WARREN, Ohio (WKBN) – Police dispatchers in the city of Warren have been notified by their union that they will be on layoff status in November.
That’s because city and Trumbull County officials are working on a plan to merge the two dispatching units.
The Ohio Patrolmen’s Benevolant Association sent out a letter to the eight dispatchers last week notifying them of the impending merger. The letter, signed by Daniel Leffler of the OPBA, states “it is my understanding that Warren dispatch employees may or may not be offered positions with the county.”
It also states that per contract agreement, the city is to transfer laid off employees to entry level positions within the city if available and Leffler requests a list of entry level positions available, saying “please allow this letter to serve as notice that the dispatch employees are requesting to be placed in entry level positions within the city where available.”
City and county officials said they have been in discussions for some time about moving Warren’s dispatching services to the county 911 center in Howland. However, there is no agreement in place and they have not sent out layoff notices.
“Cost is one piece of it, but safety, reliability of service, continuity of service without interruption, those are all parts of the discussion that are being held, but we are not at a point of decision yet,” Warren Safety-Service Director Enzo Cantalamessa said. “I am not saying it is not going to happen, but I am not saying it is imminent either. There are lots of pieces to the puzzle that need to be ironed out.”
Warren dispatchers said they have heard little about their future from city leaders.
“It has all been hearsay. First thing we heard from our union director from OPBA was on Thursday of last week,” Warren City dispatcher Sandy Frazeskos said. “The city is not in a deficit, but they are talking about not getting the revenue from other businesses anymore so we need a cut. And again, they are hitting safety forces. We are the lifeline of the city and again they want to hit safety forces. We passed this tax in 2006. We are part of the tax, we want to know why safety forces are being touched again.”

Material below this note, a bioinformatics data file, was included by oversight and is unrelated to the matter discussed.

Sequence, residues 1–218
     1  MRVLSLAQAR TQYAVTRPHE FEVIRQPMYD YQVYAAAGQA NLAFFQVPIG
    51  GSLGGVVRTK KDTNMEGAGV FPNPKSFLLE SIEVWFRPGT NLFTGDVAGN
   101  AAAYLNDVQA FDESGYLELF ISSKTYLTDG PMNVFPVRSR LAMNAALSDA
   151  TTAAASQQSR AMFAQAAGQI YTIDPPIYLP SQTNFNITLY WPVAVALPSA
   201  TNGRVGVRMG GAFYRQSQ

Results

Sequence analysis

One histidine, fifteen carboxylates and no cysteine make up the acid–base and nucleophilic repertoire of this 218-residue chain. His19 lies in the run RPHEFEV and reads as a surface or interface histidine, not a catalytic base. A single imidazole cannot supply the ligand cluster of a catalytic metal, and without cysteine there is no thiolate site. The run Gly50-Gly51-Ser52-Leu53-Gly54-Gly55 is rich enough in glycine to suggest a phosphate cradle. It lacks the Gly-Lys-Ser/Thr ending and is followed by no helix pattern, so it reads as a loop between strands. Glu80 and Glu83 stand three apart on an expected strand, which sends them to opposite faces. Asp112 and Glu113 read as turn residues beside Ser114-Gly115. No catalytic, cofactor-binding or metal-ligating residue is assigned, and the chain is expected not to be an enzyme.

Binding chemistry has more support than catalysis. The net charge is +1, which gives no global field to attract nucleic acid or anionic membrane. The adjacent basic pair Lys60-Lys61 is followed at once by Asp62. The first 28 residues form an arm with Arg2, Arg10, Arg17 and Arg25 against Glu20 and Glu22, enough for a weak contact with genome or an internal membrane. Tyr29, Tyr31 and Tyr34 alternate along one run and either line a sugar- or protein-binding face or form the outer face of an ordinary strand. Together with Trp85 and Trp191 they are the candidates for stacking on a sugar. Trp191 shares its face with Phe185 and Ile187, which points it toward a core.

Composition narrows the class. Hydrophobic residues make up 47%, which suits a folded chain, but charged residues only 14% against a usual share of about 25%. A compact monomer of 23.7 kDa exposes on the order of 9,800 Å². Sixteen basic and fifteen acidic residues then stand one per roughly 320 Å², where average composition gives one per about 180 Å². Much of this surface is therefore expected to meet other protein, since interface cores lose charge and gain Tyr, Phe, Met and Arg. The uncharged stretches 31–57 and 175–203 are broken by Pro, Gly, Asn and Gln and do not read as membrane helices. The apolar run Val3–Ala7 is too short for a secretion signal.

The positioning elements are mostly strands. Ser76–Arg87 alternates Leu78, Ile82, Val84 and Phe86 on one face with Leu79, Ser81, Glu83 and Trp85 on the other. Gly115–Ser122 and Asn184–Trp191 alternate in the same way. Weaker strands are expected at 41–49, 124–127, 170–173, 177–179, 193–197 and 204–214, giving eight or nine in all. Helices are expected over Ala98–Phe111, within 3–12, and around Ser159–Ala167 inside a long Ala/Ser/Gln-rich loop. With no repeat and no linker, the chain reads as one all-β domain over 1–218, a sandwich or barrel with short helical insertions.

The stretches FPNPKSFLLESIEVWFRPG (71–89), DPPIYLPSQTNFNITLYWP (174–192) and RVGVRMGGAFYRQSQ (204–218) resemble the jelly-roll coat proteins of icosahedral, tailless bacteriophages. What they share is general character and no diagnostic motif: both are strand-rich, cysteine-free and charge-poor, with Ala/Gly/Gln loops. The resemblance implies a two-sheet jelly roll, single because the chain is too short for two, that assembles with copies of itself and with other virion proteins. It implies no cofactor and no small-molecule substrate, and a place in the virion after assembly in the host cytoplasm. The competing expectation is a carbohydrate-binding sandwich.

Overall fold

Approximately 50,000 calls go through the Warren City dispatch center every year, while 47 police and fire agencies in Trumbull County currently use the Trumbull County 911 Center. Warren would more than double the number of calls the county center receives.
Only Girard, Niles and Warren currently do not use the Trumbull County 911 system.
Trumbull County 911 Director Ernie Cook said costs continue to rise.
“We are right around the corner from what we call next gen 911, which will be texting to 911, possible video feeds to 911. That software, that type of equipment is extremely expensive,” Cook said.
And those expenses are one of the reasons that Warren is considering the merger.
“The city would be irresponsible to not have those conversations and at least explore whether those savings are true and can be realized,” Cantalamessa said.
Union leaders said if the merger happens, city dispatchers will keep their jobs with the county, but at a reduced pay. They say however, the public will be the big loser.
“It is not about the figures anymore. It is about the safety of the officers and the public,” Frazeskos said.
On Friday, city and county leaders, along with the union, will meet to hear more about the plans.